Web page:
• Collective unconscious: How gut microbes shape human behavior

    Dinan, Timothy G.; Stilling, Roman M.; STANTON, CATHERINE; Cryan, John F.; Science Foundation Ireland; Health Research Board of Ireland; European Union; SFI/12/RC/2273; HRA_POR/2011/23; HRA_POR/2012/32 (Elsevier BV, 2015-04)
    The human gut harbors a dynamic and complex microbial ecosystem, consisting of approximately 1 kg of bacteria in the average adult, approximately the weight of the human brain. The evolutionary formation of a complex gut microbiota in mammals has played an important role in enabling brain development and perhaps sophisticated social interaction. Genes within the human gut microbiota, termed the microbiome, significantly outnumber human genes in the body, and are capable of producing a myriad of neuroactive compounds. Gut microbes are part of the unconscious system regulating behavior. Recent investigations indicate that these microbes majorly impact on cognitive function and fundamental behavior patterns, such as social interaction and stress management. In the absence of microbes, underlying neurochemistry is profoundly altered. Studies of gut microbes may play an important role in advancing understanding of disorders of cognitive functioning and social interaction, such as autism.
  • Characterization of plant-derived lactococci on the basis of their volatile compounds profile when grown in milk

    Alemayehu, Debebe; Hannon, John A.; McAuliffe, Olivia; Ross, R Paul; Irish Dairy Levy Research Trust (Elsevier BV, 2014-02-17)
    A total of twelve strains of lactococci were isolated from grass and vegetables (baby corn and fresh green peas). Ten of the isolates were classified as Lactococcus lactis subsp. lactis and two as Lactococcus lactis subsp. cremoris based on 16S rDNA sequencing. Most of the plant-derived strains were capable of metabolising a wide range of carbohydrates in that they fermented D-mannitol, amygdalin, potassium gluconate, l-arabinose, d-xylose, sucrose and gentibiose. None of the dairy control strains (i.e. L. lactis subsp. cremoris HP, L. lactis subsp. lactis IL1403 and Lactococcus lactis 303) were able to utilize any of these carbohydrates. The technological potential of the isolates as flavour-producing lactococci was evaluated by analysing their growth in milk and their ability to produce volatile compounds using solid phase micro-extraction of the headspace coupled to gas chromatography–mass spectrometry (SPME GC–MS). Principal component analysis (PCA) of the volatile compounds clearly separated the dairy strains from the plant derived strains, with higher levels of most flavour rich compounds. The flavour compounds produced by the plant isolates among others included; fatty acids such as 2- and 3-methylbutanoic acids, and hexanoic acid, several esters (e.g. butyl acetate and ethyl butanoate) and ketones (e.g. acetoin, diacetyl and 2-heptanone), all of which have been associated with desirable and more mature flavours in cheese. As such the production of a larger number of volatile compounds is a distinguishing feature of plant-derived lactococci and might be a desirable trait for the production of dairy products with enhanced flavour and/or aroma.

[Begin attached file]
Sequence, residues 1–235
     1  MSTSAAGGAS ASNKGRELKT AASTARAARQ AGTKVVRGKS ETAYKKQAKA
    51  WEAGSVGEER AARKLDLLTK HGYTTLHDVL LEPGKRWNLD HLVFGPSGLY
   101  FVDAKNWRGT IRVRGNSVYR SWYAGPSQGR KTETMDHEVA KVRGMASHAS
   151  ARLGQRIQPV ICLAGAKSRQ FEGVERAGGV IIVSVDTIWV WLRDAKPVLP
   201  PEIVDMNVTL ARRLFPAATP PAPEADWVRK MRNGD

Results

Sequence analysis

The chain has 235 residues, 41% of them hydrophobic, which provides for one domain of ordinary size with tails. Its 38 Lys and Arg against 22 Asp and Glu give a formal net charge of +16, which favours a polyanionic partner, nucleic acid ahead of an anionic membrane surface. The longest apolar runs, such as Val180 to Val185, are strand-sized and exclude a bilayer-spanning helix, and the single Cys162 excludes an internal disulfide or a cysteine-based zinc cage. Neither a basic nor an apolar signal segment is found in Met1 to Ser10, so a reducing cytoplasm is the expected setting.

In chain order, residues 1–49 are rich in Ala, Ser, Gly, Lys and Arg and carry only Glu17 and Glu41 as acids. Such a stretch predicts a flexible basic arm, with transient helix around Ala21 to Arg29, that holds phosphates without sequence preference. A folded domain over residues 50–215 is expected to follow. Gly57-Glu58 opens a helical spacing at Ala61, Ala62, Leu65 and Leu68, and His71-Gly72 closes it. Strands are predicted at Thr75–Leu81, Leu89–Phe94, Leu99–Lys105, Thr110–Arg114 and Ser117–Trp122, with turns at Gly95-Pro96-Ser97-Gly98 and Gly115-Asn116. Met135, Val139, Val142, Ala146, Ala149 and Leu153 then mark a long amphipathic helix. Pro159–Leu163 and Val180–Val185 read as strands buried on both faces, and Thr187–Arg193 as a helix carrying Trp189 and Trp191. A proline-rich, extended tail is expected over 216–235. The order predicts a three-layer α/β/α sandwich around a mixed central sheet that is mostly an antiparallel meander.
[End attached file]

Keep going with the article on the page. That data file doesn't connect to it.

• Beneficial modulation of the gut microbiota

    Cotter, Paul D. (Elsevier BV, 2016-04-01)
    As the scientific community continues to develop an ever-greater understanding of the composition and function of the human gut microbiota, and the role of specific microbial populations in health and disease, attention has turned to the tools that are at our disposal with respect to altering these microbes in a beneficial way. The options available include the use of diet, probiotics/prebiotics, antimicrobials and, potentially, exercise. Here, our recent investigations of the relationship between protein, bacteriocin producing probiotics and exercise and the gut microbiota and, in turn, health will be described.